People who are more vengeful tend to be those who are motivated by power, by authority and by the desire for status. They don’t want to lose face.
This description nicely describes the average Chinese business negotiator. They treat contract concessions as a loss of face, and they will focus on getting back their “face” to the exclusion of everything else. The economics of the deal does not matter. What really matters is the balance of power and their face. This attitude is quite foreign to most foreign business people who treat contract negotiations as a purely economic issue and not as a personal matter. It is therefore very hard for foreign business negotiators to understand how this issue can impact their future business relations with a Chinese party.
The issue goes beyond face. If you discuss these matters with Chinese business people you will learn that the Chinese side views the Western approach to contract negotiation as fundamentally unfair. They see the Western insistence on certainty and clarity as fundamentally a bad faith phenomenon. For the Chinese, certainty in contract terms is justified only for a one off, single transaction, “horse trade” style sales contract. The sale of an office building or a single shipment of a commodity is an example of this type of contract.
For any contract that requires a continuing performance over time, the Chinese believe that any attempt to pin them down and impose certainty on their behavior is fundamentally unfair and contrary to reality. For the Chinese, the future is essentially uncertain and the attempt to impose certainty on this uncertain future makes no sense. Any party who insists on this must have a bad intent. Where the Chinese side agrees to such certainty, they do it under protest and they strongly feel that unequal bargaining power on the side of the foreign party has forced them into an inherently unfair transaction. Thus, they do not have moral qualms in taking their revenge by undoing the terms of this inherently unfair agreement at a later date. Their belief that they have the moral high ground fuels their need for revenge and explains why they will seek revenge even in cases where there is no economic benefit.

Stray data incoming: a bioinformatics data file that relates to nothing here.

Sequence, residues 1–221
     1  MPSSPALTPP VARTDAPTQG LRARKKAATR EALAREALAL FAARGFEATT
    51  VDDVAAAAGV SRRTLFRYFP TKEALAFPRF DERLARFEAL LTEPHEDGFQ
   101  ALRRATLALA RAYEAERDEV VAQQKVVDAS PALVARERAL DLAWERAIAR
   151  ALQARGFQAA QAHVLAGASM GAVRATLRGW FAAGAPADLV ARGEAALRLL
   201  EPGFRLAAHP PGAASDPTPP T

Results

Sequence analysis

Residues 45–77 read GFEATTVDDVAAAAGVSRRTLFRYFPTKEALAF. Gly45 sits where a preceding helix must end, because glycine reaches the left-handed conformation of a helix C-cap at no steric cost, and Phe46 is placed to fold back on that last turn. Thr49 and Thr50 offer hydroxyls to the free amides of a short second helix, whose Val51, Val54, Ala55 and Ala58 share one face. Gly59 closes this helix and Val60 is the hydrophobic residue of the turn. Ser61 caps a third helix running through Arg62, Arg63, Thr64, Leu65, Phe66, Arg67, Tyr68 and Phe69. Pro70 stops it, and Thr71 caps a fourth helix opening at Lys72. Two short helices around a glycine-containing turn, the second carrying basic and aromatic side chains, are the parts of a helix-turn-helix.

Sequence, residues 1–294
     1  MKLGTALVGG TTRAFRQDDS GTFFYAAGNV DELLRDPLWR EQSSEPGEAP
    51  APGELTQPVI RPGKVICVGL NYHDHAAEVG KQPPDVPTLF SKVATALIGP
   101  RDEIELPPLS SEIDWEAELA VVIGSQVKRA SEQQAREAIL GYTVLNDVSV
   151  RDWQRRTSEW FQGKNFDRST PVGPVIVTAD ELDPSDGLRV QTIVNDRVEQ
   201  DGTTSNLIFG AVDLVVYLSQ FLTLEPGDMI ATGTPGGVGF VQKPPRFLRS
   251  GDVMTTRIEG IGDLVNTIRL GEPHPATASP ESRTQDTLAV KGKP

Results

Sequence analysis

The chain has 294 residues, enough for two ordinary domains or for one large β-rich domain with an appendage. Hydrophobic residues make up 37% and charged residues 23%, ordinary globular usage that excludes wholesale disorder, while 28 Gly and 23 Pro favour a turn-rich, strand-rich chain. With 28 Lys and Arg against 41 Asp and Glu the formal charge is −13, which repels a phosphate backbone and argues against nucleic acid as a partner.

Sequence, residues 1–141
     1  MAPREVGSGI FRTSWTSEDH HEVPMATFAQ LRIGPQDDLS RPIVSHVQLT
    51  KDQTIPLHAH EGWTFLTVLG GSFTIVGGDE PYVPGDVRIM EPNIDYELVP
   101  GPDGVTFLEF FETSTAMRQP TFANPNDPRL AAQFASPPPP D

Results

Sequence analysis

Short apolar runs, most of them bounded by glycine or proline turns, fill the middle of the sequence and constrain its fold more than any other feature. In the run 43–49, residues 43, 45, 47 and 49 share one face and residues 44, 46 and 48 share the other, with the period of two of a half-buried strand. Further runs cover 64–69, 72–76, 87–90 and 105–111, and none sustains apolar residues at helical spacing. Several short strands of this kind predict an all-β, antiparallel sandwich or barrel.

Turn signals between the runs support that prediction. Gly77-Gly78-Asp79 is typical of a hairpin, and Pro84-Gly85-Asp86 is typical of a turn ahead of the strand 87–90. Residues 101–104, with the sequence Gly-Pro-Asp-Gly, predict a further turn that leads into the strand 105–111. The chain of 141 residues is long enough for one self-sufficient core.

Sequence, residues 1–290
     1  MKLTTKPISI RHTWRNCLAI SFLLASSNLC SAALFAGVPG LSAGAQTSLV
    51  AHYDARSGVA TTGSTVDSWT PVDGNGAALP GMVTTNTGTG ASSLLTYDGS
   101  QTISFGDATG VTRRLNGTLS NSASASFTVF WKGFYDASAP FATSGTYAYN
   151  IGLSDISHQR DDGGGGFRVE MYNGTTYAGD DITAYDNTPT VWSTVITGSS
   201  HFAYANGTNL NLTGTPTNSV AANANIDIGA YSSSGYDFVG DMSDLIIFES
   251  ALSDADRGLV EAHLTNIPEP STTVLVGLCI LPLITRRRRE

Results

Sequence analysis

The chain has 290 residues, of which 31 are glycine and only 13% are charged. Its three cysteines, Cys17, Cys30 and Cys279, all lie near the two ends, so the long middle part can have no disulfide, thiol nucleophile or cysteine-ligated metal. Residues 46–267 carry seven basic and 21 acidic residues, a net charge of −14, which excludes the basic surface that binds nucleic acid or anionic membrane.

This feeling runs very deep in China and is difficult to deal with rationally pursuant to the typical Western company business calculation. For foreign parties, it leads to very complex assessments of negotiation strategy. Total victory is seldom useful in China. This then leaves open the question of what sort of compromise short of total victory will result in a contract that is still acceptable to the foreign party.
In my own experience, there are two viable options in dealing with the final battle over key terms. The first is to walk away from the deal. No deal is better than a bad deal, and what looks like bad deal in China will certainly turn out to be just that. Where abandoning the deal is not acceptable, then the foreign side should plan to concede on some issues that are important to the Chinese side so as to provide the Chinese side with some feeling of victory in the conclusion of the negotiation. This concession should always be balanced against an overall assessment of the benefits of the deal to the foreign side. No deal should be concluded in China that does not provide for substantial benefit to the foreign side. Close deals never work out in China. The foreign side needs a lot of room on the benefit side to overcome the constant Chinese pressure to chip away at the foreign benefits at every stage in the process of performance.
What do you think?